On the road update! **disclaimer** I wish I could post the videos of the students speaking about their experiences, but the internet is not good enough here, so pictures will have to suffice for now!

As I write this, I am in the back of a Jeep Explorer, driving across Matebeleland, in the Northeast Corner of Zimbabwe. The ruling party (who has been in power for over 35 years now) is Shona, and from the Harare area, while Matebeleland is the home of the opposition party. Consequently, very little government support reaches this region, and the result is extreme poverty, to a degree I have not yet seen before. Zimbabwe is currently in the middle of the dry season, and there is a huge drought nationwide, which in Matebeleland means famine, because none of the crops can grow. As a result, villagers resort to picking worms and beetles off the ground for their main source of sustenance. The headmasters we met today informed us that this is typically the only nutrition they will receive all day; and indeed, in between classes, you can see students looking for these insects. I write all this to illustrate in words what global statistics report—that Zimbabwe is the 2nd poorest country in the world according to 2015 statistics, and in a political situation that makes it difficult to see the future more than one day at a time.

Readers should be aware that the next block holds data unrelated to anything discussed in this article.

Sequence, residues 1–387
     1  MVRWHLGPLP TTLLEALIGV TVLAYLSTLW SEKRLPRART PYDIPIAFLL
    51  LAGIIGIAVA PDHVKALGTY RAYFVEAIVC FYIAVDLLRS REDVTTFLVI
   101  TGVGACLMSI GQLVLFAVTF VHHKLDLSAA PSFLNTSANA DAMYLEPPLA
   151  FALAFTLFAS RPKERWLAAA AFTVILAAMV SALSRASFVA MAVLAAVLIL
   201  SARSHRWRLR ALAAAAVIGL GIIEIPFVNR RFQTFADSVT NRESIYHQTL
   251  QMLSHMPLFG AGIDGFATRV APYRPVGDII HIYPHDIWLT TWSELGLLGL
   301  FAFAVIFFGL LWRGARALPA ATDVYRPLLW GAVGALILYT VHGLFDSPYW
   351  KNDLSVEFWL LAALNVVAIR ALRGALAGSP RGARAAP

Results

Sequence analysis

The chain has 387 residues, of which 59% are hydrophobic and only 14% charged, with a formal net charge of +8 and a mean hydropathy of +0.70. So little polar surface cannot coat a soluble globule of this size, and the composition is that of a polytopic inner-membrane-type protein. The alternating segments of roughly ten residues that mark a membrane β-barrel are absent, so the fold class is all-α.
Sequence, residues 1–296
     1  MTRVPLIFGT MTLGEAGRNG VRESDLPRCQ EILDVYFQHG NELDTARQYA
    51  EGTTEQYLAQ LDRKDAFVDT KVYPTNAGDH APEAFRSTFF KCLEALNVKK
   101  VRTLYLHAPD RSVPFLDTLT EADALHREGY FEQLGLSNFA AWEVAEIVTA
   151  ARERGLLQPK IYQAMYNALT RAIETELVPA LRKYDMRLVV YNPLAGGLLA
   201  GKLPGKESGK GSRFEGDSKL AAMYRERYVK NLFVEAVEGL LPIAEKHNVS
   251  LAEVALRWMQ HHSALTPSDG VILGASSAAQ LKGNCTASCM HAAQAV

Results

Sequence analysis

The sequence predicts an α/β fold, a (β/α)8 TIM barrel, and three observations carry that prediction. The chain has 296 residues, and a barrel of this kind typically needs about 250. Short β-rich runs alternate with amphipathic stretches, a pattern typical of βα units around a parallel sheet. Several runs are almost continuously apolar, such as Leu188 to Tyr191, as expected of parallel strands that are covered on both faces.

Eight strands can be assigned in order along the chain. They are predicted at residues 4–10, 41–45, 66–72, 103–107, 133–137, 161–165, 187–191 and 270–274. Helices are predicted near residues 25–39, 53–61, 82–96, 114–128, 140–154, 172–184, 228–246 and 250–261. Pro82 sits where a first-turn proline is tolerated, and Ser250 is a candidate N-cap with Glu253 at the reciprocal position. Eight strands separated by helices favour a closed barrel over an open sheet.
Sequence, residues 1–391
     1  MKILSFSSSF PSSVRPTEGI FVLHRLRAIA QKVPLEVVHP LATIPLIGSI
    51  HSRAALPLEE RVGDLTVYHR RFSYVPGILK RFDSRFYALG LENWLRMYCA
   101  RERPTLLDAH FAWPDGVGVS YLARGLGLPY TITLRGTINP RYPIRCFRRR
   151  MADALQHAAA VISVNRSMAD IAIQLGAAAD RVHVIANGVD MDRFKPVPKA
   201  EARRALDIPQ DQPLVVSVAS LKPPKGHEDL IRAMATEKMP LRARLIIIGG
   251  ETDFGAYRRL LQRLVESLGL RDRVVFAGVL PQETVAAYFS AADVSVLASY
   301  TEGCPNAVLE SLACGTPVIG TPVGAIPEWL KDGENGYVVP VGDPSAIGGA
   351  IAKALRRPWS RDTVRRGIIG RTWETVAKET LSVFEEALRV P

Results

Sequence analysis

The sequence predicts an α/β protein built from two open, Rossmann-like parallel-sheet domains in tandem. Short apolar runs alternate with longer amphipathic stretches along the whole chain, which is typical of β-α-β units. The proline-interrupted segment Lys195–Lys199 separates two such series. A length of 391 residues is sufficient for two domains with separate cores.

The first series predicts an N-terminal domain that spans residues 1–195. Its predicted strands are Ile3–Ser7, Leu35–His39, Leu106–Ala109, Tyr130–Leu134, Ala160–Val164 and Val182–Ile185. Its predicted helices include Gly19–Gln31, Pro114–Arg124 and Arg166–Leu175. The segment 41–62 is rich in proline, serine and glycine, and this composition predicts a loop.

Yesterday, we met with Webster Ndlovu, , one of our scholarship students, who is studying at Matopo Secondary School. Webster is an orphan, who was chosen for the scholarship program at the beginning of 7th grade. He is at the top of his class now, and is in his final two years of high school. Webster is currently studying to take his A levels in Chemistry, Math and English. He spent a half hour today explaining redox reactions and electrolysis to me today, as it is his favorite topic in chemistry. He had more enthusiasm and interest in the subject than I ever thought was possible! Webster dreams of becoming a doctor, and he hopes to return to his village in Ngamo to practice medicine in his community.

Today we met with Tholakele Mkandla. Tholakele and I have special bond, as she was one of the eighth grade students I met in the Ngamo Primary School classroom when I was fourteen, and quite literally is the reason So Others May Learn was founded. Today, Tholakele is still a SOML scholarship student, studying at Solusi University. She is a Peace and Conflict Studies major, minoring in European and African History. Tholakele has been sponsored for over 8 years, and hearing her gratitude, perspective and emotions surrounding her past and future was remarkable. (Videos to come!) Tholakele hopes to become a peace keeper with the United Nations when she finishes her degree, and I have no doubt she will do so.

We finished today by touring a number of technical colleges and universities and learning about their programs and tuition fees, so we will be well equipped to help our rising seniors apply for tertiary education.